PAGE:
The Cowboys’ Leighton Vander Esch, in the black coat, spoke at a Mizzen+Main private event with members of the Adaptive Training Foundation, a group of individuals who have suffered amputations or spinal cord injuries or have other physical disabilities. 

FRISCO, — As Leighton Vander Esch walked through the door to the Mizzen+Main clothing store in Uptown Dallas recently, silver and blue confetti shot up into the air. The Dallas Cowboys linebacker smiled widely as the 60 or so people inside the establishment cheered. For the next two hours, Vander Esch, wearing a blue blazer, crisp jeans and a Mizzen+Main dress shirt, worked the room at a private fundraising event.

A year ago, Vander Esch was finding his way as a rookie. Now, he is considered one of the best young linebackers in the , and he is a spokesperson for a rapidly-growing clothier with the likes of golf icon Phil Mickelson, Houston Texans star pass-rusher J.J. Watt and Arizona Cardinals‘ No. 1 pick Kyler Murray.

“I don’t know if I would’ve been able to tell you if you were crazy or if I would’ve believed you,” Vander Esch said on his rise in fame.

Two years ago, Vander Esch, 23, was something of an unknown outside of Boise State University, a former walk-on who had played eight-man football at Salmon River High School in Riggins, Idaho. He was a T-shirt and sweatpants kind of guy, like a lot of college kids.

“Leighton’s a serious guy who doesn’t take himself too seriously, which we feel aligns with our brand,” said Stephanie Swingle, Mizzen+Main’s chief marketing officer. “Also, it’s been fantastic to see him interacting with people during our engagements on set or at our retail events. They’re genuinely welcomed by Leighton. and we’re excited to see his personality come through.”

Vander Esch’s popularity grew rapidly last season. His No. 55 jersey was No. 1 in sales from November to December, and he finished the season with the 49th-most-popular jersey. According to Fanatics, a jersey tracking site, he is currently inside the top 25.

Vander Esch knows none of the off-field recognition comes without the on-field success. His agent, Ron Slavin, estimates Vander Esch has passed on marketing deals that could have paid him in the high six-figures.

“He’s very conscious of how he is viewed by the fan base and also ownership, coaches and teammates,” Slavin said. “He told us he doesn’t want to do more than one thing a week, so he can focus on the opponent and the job at hand. I think a lot of people get so worried about off-the-field money and what they can do, they lose focus of what to do on the field.”

Last season, the Cowboys’ coaches credited him with a team-high 176 tackles, a franchise rookie record. He recorded his 200th career tackle in Week 3 this season against the Miami Dolphins, reaching that mark in 19 games, the quickest ever by a Cowboys defender. Dexter Coakley, who played linebacker for Dallas from 1997 to 2004, reached 200 tackles in 24 games.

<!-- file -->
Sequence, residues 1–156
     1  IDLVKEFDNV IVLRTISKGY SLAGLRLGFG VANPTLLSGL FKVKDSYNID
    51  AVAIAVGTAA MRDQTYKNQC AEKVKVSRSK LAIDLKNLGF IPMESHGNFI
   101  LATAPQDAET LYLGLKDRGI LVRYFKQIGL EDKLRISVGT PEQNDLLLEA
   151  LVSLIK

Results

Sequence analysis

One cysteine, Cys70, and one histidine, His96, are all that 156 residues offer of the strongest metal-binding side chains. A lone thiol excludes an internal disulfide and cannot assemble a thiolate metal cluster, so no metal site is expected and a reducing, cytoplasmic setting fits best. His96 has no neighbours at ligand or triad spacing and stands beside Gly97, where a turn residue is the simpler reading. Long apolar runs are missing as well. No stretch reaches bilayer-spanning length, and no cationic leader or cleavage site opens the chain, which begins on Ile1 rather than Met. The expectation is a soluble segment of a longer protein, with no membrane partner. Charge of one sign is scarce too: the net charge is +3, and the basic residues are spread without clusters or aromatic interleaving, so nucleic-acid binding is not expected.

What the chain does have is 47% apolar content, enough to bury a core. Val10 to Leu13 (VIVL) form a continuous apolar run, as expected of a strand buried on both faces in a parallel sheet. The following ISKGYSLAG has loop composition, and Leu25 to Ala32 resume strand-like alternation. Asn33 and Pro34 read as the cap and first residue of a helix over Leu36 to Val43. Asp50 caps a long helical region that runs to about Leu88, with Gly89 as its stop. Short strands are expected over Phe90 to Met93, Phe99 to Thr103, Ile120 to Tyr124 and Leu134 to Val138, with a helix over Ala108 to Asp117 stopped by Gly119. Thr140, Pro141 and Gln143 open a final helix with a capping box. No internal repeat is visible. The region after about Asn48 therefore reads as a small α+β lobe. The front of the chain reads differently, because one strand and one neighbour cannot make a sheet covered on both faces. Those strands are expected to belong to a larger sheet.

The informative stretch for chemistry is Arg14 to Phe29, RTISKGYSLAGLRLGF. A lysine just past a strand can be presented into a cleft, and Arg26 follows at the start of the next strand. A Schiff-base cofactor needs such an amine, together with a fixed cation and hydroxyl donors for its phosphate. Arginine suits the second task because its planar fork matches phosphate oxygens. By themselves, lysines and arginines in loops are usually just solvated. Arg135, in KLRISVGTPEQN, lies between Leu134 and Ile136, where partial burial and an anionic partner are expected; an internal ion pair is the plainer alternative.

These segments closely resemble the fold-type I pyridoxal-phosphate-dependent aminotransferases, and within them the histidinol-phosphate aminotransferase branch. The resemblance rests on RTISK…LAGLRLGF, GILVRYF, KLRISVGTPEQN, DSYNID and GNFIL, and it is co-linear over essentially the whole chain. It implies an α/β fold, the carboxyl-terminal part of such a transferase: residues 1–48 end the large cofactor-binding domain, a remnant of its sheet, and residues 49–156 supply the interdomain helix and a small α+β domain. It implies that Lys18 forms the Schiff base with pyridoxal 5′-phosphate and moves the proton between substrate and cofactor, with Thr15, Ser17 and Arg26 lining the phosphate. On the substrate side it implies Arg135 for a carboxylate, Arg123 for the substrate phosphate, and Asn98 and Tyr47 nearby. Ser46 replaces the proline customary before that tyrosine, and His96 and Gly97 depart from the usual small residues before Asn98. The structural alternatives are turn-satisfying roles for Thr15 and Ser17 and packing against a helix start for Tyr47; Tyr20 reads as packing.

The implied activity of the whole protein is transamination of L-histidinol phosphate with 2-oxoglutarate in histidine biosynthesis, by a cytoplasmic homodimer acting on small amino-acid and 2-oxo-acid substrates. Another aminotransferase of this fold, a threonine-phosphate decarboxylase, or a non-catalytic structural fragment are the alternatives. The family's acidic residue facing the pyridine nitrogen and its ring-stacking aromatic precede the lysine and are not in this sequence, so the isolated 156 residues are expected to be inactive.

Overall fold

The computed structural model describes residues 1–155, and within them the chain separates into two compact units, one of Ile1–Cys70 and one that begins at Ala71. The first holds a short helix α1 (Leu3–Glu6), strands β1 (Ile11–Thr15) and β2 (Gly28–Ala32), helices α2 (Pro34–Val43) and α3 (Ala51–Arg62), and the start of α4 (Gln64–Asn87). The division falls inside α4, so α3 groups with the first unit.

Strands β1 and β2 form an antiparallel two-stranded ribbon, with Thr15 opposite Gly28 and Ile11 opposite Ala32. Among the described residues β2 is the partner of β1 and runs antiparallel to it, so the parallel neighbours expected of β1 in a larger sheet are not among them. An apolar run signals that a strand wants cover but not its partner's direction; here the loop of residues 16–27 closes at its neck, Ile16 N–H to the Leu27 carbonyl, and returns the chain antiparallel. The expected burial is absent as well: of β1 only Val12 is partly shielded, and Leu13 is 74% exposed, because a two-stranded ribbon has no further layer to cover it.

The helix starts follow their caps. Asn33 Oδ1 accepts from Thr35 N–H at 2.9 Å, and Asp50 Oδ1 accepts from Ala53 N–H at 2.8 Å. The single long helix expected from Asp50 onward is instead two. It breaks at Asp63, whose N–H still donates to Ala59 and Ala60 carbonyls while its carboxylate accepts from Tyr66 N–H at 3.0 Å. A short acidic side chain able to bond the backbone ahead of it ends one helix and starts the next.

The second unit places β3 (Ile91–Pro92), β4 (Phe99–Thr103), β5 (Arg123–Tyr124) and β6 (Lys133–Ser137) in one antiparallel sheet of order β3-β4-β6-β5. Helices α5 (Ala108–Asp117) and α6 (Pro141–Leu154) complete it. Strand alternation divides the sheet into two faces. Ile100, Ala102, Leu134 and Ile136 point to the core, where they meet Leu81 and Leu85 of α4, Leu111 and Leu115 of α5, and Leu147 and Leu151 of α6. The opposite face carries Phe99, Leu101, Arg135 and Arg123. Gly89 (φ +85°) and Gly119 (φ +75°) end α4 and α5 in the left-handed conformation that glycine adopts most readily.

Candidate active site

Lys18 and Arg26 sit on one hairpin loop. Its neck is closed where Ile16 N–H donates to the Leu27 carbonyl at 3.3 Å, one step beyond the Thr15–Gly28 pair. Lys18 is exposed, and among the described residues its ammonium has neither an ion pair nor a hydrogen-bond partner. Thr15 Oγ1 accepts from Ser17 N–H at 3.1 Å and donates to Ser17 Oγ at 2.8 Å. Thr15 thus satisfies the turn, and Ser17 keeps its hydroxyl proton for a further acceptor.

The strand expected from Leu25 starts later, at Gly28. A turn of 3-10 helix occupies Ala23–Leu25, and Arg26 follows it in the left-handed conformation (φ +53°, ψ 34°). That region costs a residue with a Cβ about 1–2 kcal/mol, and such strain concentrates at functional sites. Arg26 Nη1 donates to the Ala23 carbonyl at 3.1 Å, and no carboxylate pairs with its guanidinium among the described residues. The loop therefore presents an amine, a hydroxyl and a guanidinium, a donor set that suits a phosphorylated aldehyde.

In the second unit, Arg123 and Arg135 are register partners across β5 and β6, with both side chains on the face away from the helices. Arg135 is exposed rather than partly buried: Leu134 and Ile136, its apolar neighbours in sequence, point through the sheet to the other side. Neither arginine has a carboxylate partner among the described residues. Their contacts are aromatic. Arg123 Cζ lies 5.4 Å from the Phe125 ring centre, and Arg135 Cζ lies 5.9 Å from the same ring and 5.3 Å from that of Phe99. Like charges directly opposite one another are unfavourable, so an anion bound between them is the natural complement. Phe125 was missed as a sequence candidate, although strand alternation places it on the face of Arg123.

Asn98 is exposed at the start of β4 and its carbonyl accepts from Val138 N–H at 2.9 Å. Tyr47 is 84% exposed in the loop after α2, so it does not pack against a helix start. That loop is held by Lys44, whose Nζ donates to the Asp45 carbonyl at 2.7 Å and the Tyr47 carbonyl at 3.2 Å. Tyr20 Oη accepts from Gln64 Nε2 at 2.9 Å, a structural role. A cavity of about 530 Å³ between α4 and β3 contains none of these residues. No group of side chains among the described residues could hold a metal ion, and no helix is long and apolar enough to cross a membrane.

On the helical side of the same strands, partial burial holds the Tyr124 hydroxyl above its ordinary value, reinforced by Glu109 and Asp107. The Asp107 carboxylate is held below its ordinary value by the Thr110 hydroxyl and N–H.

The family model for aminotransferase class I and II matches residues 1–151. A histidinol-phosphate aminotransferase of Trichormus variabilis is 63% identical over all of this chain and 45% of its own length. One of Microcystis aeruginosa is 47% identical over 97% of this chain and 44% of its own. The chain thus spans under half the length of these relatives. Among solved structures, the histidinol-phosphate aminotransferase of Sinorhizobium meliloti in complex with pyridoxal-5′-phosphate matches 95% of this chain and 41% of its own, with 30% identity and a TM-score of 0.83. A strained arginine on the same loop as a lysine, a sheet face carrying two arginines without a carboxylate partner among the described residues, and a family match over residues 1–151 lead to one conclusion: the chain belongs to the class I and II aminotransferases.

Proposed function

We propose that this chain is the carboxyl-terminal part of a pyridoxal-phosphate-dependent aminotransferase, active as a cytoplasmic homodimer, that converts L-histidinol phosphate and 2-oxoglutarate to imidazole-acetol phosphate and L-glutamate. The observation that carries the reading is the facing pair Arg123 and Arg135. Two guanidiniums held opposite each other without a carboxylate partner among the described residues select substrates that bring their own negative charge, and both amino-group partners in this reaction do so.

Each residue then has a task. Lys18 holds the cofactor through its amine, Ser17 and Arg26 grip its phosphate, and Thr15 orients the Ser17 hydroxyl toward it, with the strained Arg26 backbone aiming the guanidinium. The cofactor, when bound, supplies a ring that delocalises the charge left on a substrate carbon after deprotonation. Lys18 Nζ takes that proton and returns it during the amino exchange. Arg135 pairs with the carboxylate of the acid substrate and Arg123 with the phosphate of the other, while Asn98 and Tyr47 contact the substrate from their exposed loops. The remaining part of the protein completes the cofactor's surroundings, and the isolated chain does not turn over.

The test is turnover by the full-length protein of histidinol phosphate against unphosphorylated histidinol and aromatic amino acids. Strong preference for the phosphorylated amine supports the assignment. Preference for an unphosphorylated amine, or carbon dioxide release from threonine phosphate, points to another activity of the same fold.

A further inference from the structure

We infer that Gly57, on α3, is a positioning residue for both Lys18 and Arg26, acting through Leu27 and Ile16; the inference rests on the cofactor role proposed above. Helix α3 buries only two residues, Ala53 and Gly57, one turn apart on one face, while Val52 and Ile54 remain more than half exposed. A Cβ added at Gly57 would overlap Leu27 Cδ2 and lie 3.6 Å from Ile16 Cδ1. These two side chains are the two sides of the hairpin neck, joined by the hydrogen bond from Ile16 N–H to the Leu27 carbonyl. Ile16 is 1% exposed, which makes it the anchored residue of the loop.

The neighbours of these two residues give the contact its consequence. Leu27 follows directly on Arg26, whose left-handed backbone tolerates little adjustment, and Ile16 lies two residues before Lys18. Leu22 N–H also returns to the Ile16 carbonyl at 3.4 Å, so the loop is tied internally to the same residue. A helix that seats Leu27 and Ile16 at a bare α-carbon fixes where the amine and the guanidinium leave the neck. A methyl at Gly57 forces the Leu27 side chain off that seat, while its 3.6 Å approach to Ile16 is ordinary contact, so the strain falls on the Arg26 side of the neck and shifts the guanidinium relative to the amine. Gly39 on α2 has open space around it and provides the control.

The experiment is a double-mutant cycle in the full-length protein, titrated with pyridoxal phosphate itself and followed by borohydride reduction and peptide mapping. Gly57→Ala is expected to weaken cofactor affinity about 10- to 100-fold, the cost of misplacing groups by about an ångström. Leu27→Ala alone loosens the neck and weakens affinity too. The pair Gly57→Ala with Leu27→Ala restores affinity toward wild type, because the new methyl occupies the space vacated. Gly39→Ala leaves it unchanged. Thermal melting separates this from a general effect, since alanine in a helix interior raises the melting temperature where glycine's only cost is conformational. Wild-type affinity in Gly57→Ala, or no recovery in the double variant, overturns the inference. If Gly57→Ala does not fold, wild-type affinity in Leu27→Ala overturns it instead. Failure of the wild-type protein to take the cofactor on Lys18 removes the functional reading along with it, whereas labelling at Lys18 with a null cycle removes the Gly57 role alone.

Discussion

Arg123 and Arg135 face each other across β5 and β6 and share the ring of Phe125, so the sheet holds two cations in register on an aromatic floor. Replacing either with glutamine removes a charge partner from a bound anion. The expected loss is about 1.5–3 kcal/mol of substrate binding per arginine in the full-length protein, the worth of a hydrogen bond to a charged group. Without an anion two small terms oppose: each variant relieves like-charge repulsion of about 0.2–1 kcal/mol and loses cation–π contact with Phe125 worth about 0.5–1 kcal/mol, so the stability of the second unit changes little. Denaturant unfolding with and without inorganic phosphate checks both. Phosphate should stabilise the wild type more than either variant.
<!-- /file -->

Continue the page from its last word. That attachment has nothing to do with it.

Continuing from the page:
“I think it’s really important if you can get your mind off things when you have a break,” Vander Esch said. “It helps you in the long run. Guys like us, how competitive we are, it’s hard for us to shut our minds off. We’re always thinking, always locked in, always in compete mode. You love the game and you’re going to be that way every day once it’s back to football, but it’s important to decompress.”

So far this season, he is second to Jaylon Smith in tackles with 37, by the coaches’ count. He had the first half-sack of his career in the season opener, and he has three quarterback hurries after posting five as a rookie. He has forced a fumble and knocked down two passes.

“He’s like a power forward out there playing football,” Cowboys defensive passing game coordinator Kris Richard said. “Every bit the height. Every bit the length. Every bit the weight. He’s got power. He’s got speed. He’s got anticipation.”

If Vander Esch was playing off instinct as a rookie, experience is helping him in his second season.

“One step makes a huge difference,” Vander Esch said. “Obviously, if you’re in better position to make a tackle when you’re farther up on him or to fit him up, that can give you a chance to go after the ball more. If you’re in better pass coverage, you can go for a [pass breakup] and that leads to more interceptions.”

In Sunday’s 12-10 loss at the New Orleans Saints, Vander Esch was credited with 15 tackles, his first game with double-digit tackles this season. As a rookie, he had 11 games with 10 or more tackles, and that helped set up his goals for his second season.

“One-up myself in every single area,” Vander Esch said. “Just keep improving. Constant improvement. I always set a high bar for myself. Always. So I mean obviously I’m trying to be an All-Pro again. First team instead of second team. Make it back to the Pro Bowl. But the biggest goal obviously is to win a Super Bowl. That’s always been my highest goal ever since I was little. I think that’s everybody on this team’s biggest goal. That would mean the most.”

If winning the Super Bowl happens, more and more off-field opportunities await.


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